Deion Sanders: Jackson State football in ‘crisis mode,’ forced off campus amid city’s water emergency


A water crisis in Jackson, Mississippi is forcing the Jackson State football team off campus as it prepares for its season opener.

Head coach Deion Sanders addressed the emergency on Tuesday, announcing on Instagram that he’s moving players off campus so they can have access to basic needs like showers and functioning toilets. Jackson State is scheduled to host Florida A&M on Saturday.

“We’re hit with a little crisis,” Sanders said. “The city of Jackson, we don’t have water. Water means we don’t have air conditioning. We can’t use toilets. We don’t have water. We don’t have ice.

“Which pretty much places a burden on the program. So right now, we’re operating in crisis mode. I’ve got to get these kids off campus. The ones that live on campus, the ones that live in the city of Jackson into a hotel, and accommodate them so they can shower properly and take care of their needs.”

JSU football coach Deion SandersJSU football coach Deion Sanders

Deion Sanders said that some Jackson State football players will move to a hotel amid Jackson’s water crisis. (William H. Kelly/Jackson State University via Getty Images)

Flooding exacerbates pre-existing water concerns in Jackson

Jackson is Mississippi’s state capital and its largest city with a population of more than 160,000 residents. Mayor Chokwe Antar Lumumba declared a “water system emergency” on Monday while announcing that a failure at the city’s largest water treatment plant resulted in low or no water pressure for residents. Gov. Tate Reeves also addressed the crisis on Monday while declaring a state of emergency.

“Until it is fixed, it means we do not have reliable running water at scale,” Reeves said on Monday, per Mississippi Today. “It means the city cannot produce enough water to fight fires, to reliably flush toilets, and to meet other critical needs.”

Lumumba cited complications from flooding of the Pearl River in part for the plant’s failure and predicted a water shortage “for the next couple of days.” Mississippi has been deluged by storms in recent days, with some areas receiving 14 inches of rain in a three-day period. Lumumba warned residents to “get out now” on Saturday in anticipation of more rainfall.

Per CNN, the Pearl River crested Monday morning, leading to street flooding in Jackson. Lumumba said on Monday that water levels came in “lower than projected.”

Hinds County Emergency Management Operations deputy director Tracy Funches, right, and operations coordinator Luke Chennault, wade through flood waters in northeast Jackson, Miss., Monday, Aug. 29, 2022, as they check water levels. Flooding affected a number neighborhoods that are near the Pearl River. (AP Photo/Rogelio V. Solis)Hinds County Emergency Management Operations deputy director Tracy Funches, right, and operations coordinator Luke Chennault, wade through flood waters in northeast Jackson, Miss., Monday, Aug. 29, 2022, as they check water levels. Flooding affected a number neighborhoods that are near the Pearl River. (AP Photo/Rogelio V. Solis)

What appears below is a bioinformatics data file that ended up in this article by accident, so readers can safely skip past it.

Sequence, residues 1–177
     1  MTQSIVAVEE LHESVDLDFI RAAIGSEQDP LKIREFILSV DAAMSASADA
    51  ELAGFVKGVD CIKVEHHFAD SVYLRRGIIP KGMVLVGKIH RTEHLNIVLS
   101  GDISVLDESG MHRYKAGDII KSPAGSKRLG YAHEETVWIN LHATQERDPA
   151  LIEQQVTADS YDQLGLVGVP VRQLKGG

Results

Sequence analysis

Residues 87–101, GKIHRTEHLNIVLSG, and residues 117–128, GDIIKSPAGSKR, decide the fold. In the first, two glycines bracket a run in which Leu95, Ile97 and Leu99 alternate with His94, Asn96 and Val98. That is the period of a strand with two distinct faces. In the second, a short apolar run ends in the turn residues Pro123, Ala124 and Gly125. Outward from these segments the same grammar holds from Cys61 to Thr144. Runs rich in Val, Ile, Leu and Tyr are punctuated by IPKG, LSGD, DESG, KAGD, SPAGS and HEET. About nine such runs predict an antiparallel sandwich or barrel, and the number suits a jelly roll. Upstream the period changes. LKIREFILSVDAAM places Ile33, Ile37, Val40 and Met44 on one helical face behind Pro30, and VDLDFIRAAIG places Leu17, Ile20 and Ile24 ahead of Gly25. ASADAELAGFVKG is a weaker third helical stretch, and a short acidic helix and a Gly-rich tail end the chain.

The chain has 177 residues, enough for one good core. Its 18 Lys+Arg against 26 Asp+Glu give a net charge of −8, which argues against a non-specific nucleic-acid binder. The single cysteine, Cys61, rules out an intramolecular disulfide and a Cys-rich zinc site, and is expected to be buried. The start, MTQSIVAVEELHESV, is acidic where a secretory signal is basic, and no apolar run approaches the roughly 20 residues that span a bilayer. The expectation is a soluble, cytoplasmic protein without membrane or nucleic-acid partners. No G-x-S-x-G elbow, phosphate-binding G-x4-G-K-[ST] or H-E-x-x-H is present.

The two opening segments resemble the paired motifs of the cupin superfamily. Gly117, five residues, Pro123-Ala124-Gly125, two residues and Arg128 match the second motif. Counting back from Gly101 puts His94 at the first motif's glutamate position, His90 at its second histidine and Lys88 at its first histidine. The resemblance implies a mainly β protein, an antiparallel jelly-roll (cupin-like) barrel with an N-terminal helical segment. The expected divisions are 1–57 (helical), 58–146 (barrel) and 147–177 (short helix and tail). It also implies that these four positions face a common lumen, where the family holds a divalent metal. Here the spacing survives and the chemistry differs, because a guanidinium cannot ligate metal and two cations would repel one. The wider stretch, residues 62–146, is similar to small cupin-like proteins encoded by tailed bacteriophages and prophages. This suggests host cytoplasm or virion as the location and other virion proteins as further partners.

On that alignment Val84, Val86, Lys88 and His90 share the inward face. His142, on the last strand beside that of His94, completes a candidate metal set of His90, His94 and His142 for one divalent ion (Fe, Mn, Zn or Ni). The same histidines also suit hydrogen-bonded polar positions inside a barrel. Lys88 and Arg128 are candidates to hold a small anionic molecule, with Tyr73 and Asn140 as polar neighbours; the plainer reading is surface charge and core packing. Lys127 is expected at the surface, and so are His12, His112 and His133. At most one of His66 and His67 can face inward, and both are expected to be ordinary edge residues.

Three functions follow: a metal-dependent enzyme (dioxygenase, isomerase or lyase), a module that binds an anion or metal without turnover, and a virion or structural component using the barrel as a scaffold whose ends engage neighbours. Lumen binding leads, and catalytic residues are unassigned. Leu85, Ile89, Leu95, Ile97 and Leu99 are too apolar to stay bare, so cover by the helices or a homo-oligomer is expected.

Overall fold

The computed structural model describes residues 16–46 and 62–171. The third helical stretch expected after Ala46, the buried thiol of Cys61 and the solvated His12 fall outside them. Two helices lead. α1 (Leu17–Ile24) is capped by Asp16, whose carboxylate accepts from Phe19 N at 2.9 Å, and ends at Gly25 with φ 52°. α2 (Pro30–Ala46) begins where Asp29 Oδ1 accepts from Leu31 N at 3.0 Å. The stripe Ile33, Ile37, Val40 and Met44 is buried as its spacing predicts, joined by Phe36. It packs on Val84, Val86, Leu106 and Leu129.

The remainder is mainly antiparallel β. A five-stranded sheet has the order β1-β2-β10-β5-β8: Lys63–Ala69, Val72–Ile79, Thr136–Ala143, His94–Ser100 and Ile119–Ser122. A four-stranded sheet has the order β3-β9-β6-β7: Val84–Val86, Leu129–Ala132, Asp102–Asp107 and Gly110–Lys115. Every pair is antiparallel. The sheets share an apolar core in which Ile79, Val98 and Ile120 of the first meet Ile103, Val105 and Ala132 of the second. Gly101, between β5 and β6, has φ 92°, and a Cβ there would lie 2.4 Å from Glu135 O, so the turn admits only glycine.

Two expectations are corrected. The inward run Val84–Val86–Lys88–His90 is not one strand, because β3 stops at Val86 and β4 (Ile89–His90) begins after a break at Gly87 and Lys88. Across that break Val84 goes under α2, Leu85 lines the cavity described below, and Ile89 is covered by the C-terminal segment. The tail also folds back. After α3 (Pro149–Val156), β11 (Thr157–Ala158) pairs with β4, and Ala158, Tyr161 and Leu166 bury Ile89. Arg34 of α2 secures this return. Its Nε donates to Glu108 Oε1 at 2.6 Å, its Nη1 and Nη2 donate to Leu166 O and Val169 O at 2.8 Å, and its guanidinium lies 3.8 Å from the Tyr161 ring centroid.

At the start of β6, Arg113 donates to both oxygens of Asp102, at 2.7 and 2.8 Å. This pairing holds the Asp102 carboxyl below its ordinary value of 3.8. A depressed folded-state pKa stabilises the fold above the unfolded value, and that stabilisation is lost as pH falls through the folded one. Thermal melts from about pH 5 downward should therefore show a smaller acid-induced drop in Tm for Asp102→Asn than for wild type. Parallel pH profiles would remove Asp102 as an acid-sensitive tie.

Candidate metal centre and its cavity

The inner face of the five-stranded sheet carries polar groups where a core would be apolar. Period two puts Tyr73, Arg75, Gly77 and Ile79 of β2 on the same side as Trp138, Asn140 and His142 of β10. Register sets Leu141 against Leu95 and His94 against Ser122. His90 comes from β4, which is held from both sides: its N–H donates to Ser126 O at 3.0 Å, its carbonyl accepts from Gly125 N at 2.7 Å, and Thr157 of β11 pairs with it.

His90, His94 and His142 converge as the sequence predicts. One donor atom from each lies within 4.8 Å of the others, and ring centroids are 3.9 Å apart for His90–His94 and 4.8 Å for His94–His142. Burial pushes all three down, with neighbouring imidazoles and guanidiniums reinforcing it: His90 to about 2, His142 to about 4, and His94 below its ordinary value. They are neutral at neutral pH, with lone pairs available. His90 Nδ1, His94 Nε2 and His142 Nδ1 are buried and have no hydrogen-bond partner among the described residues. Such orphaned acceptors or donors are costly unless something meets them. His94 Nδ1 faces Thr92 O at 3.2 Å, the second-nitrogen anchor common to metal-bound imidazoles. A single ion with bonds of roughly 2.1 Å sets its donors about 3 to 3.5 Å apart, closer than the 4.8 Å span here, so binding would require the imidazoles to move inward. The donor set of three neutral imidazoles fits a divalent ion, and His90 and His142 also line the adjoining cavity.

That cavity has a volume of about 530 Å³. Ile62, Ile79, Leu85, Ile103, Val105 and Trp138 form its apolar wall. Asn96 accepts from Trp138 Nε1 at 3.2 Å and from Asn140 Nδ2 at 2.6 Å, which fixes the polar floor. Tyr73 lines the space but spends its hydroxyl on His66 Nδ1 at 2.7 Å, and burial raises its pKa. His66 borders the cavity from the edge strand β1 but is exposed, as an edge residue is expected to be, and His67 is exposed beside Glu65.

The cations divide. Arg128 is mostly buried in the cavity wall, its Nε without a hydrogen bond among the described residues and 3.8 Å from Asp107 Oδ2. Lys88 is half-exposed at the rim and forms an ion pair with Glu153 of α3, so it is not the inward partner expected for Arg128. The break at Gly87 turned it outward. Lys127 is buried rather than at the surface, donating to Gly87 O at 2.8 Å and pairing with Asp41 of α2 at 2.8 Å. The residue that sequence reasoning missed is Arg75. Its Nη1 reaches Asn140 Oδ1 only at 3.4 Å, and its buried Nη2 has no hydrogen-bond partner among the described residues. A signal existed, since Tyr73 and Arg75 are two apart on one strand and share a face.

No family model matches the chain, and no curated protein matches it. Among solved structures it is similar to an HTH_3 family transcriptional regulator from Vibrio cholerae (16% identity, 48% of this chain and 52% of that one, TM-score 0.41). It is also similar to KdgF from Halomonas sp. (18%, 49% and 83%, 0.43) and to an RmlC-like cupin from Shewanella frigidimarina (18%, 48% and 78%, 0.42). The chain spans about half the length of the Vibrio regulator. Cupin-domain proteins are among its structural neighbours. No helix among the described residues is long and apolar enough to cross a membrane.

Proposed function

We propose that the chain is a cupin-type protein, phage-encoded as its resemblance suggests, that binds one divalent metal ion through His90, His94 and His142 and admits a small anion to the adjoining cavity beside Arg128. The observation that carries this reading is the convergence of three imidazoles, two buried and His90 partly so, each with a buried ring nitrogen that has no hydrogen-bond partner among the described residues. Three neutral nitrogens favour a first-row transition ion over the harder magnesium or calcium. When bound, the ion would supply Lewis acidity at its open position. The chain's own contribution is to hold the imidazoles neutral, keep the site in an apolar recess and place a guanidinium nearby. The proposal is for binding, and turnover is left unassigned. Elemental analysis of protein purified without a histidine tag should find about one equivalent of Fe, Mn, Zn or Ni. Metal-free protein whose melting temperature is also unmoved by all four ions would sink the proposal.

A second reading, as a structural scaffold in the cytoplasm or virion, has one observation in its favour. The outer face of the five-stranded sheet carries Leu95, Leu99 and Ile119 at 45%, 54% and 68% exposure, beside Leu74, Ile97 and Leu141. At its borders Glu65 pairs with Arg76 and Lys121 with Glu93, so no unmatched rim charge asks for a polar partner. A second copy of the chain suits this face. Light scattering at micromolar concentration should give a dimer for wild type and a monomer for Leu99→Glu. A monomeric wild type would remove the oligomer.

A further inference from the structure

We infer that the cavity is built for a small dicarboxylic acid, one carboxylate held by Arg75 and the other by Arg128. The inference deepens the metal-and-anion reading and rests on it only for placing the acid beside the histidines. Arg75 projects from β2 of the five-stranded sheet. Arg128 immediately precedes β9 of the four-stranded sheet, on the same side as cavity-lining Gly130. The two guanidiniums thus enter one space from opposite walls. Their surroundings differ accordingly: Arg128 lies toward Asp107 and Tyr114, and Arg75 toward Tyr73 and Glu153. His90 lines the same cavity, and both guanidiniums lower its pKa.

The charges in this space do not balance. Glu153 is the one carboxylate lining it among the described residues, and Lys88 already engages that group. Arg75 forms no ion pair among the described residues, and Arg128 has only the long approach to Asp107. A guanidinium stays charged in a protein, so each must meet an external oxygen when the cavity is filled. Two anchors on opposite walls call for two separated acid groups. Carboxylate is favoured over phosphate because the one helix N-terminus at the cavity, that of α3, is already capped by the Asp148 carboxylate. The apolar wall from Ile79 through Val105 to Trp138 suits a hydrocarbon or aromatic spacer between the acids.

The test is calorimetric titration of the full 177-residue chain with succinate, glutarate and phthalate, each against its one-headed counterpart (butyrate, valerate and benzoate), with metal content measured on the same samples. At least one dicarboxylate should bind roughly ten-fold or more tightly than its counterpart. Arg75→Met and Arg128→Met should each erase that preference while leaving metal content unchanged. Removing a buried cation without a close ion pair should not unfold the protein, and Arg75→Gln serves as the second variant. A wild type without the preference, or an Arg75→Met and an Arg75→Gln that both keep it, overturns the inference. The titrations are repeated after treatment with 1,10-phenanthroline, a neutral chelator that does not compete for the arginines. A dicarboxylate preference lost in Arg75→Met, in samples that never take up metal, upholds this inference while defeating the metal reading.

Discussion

Emergency officials wade through flood waters in Jackson, Miss. on Monday. (AP Photo/Rogelio V. Solis)

Jackson’s water infrastructure has longstanding issues

The flooding is not to blame for Jackson’s water infrastructure issues. Per Mississippi Today, the city’s water system has dealt with problems for years. Tens of thousands of residents were left without water for one to three weeks during a 2021 winter storm.

“It’s been building up for years,” state Rep. Ronnie Crudup Jr. told CNN on Tuesday. “But we have had an unprecedented amount of rain in the last two to three weeks, and it just kind of created this havoc, what we are dealing with right now.”

Residents had been under a boil-water notice since July after testing showed contaminants in the city’s water supply. Reeves urged residents on Monday not to drink tap water.

“Please stay safe, do not drink the water,” Reeves said. “In too many cases, it is raw water from the reservoir being pushed through the pipes.”

Jackson’s WLBT 3 reported on Tuesday that the city’s public works director Marlin King had been reassigned amid the water crisis. Per the report, King told WLBT that the decision was made after he spoke with Lumumba and told the mayor that thee were issues of employee mismanagement, unpaid vendors and a poor work environment.

“He asked me to come in and identify some issues,” King told WLBT. “I’ve identified them, and he’s now going to bring in someone who can work through them.”

CNN reports that the National Guard has been called in to distribute drinking water to residents and help get the water treatment plant back online. Residents waited in line for hours on Tuesday with hope of receiving drinking water.

Jackson Public Schools announced on Monday that the system was switching to virtual learning indefinitely, and Jackson State set up virtual learning for the rest of the week while vowing to deliver water to residence halls, according to Mississippi Today. As of Tuesday, there were no stated plans of rescheduling Saturday’s Jackson State-Florida A&M game, or moving it to another location.

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